We’ve talked about what a dumb idea a “right to be forgotten” is in the past, and yet, Europe keeps looking into just such a law. A leaked copy of the EU’s new Data Protect Directive includes a clear “right to be forgotten” initiative:
To strengthen the ‘right to be forgotten’ in the online environment, the right to erasure should also be extended in such a way that any publicly available copies or replications in websites and search engines should also be deleted by the controller who has made the information public.
Basically, if there’s any information about you online — even information you created yourself and posted online directly — that you suddenly decide shouldn’t be online any more, you can demand its removal. This is pretty ridiculous for a variety of reasons. While it’s positioned as a form of “privacy,” that’s insane. There’s no “privacy” in information you’ve already released publicly. Pretending that the information can just “disappear” is fantasy-land thinking by EU politicans.
Failing to delete the info in question can lead to rather large fines, up to 1% of a company’s revenue. As someone who runs an American company, this bill is particularly worrisome to me. Because of an agreement between the US and the EU, if we allow anyone from Europe to use Techdirt, we have to promise to follow standard privacy practices that meet EU standards and pay some company a yearly fee to make sure we’re in compliance. We’ve done this (even though I’m sure that many, if not most, American websites ignore this rule). But now I need to go explore if this means we would have to delete any old comments from Europeans. As a rule and policy, we do not delete old comments from Techdirt. We get requests from time to time (and every so often a legal threat), but we stand by our policy. If suddenly we have to worry about massive fines from Europe just because someone regrets what they said in a comment years ago, I’m not sure what we’ll do. At the very least, we’d have to explore banning comments from Europeans on the site.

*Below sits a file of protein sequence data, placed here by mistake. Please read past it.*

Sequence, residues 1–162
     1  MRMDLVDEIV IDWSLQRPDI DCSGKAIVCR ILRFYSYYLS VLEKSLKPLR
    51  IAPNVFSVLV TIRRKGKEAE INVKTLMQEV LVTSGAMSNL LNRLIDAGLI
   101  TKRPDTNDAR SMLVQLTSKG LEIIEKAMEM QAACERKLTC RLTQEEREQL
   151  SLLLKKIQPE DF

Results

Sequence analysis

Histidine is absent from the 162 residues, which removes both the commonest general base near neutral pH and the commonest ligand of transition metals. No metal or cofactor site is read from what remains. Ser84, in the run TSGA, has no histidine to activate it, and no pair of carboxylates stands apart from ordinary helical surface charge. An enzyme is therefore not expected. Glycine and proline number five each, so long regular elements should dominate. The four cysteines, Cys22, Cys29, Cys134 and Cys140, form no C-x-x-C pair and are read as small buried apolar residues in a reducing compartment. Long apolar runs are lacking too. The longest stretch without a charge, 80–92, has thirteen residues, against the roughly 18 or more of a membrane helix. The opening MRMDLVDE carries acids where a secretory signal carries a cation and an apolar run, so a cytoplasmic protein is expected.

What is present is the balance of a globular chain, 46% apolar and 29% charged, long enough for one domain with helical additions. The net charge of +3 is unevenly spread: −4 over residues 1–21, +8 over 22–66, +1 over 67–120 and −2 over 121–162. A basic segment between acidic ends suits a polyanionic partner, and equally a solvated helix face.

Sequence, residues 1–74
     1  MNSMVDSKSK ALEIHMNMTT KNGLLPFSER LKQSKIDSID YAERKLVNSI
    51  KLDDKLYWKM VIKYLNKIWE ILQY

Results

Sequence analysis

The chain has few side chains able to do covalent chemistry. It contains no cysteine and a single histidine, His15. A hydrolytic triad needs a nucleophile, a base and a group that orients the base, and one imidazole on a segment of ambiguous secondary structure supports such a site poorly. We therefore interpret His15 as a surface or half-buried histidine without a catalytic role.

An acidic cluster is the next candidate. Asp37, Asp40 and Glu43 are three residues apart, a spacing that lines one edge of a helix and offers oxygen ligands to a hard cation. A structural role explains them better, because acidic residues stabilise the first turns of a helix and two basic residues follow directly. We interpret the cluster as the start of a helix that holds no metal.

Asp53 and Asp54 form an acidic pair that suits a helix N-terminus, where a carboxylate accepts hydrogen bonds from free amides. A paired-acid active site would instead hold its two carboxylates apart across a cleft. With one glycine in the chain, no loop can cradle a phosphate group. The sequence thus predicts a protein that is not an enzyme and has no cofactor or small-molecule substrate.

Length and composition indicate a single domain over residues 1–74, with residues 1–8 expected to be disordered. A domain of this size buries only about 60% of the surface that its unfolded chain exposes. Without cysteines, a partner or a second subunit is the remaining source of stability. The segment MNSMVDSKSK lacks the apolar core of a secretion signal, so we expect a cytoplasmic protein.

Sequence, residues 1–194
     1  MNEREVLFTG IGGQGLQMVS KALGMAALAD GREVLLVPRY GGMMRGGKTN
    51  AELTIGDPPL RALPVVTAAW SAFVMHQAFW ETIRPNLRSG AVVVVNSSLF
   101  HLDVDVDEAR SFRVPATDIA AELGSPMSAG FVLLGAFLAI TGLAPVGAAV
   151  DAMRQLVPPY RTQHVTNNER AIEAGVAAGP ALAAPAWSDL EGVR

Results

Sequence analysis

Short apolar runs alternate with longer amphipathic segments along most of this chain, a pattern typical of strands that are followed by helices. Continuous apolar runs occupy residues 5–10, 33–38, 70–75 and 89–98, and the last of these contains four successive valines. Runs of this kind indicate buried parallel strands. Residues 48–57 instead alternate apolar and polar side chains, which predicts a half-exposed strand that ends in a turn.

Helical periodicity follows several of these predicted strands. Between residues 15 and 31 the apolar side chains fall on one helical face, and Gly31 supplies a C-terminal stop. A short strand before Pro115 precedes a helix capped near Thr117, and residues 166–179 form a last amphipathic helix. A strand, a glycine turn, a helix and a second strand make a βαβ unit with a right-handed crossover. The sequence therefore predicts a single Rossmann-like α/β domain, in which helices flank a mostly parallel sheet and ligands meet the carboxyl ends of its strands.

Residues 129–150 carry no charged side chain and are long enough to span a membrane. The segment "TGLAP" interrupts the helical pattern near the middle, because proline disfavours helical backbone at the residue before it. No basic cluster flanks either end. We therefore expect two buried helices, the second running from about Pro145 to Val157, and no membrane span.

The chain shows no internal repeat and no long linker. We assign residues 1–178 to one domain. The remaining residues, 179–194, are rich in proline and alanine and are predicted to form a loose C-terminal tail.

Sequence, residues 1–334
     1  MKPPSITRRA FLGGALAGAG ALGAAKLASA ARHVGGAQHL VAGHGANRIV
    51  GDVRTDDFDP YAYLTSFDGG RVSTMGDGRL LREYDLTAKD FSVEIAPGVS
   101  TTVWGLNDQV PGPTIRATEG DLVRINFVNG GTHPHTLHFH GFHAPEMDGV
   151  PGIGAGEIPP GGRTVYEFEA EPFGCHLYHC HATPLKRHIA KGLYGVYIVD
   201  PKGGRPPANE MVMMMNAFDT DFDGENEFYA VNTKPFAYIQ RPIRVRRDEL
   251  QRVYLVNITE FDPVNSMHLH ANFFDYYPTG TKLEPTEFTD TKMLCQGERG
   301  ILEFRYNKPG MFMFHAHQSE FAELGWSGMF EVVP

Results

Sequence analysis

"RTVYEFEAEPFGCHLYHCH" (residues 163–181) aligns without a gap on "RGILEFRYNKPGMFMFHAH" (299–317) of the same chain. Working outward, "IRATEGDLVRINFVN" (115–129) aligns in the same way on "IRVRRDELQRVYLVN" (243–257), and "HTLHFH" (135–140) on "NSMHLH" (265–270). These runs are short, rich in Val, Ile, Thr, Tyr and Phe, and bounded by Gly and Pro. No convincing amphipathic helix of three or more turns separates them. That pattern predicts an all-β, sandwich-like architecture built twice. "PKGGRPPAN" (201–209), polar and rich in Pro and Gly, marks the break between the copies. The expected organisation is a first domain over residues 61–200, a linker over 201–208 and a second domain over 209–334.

What really gets me about this is that the entire “right to be forgotten” doesn’t seem to serve any legitimate purpose, other than to pretend that you can somehow delete public information that you later regret. I can’t see how that solves any public policy issue, other than that people sometimes regret what they say or do. But out here, in the real world, people learn to get over such things, not to pretend the world is some magical fantasy land where they can delete history.
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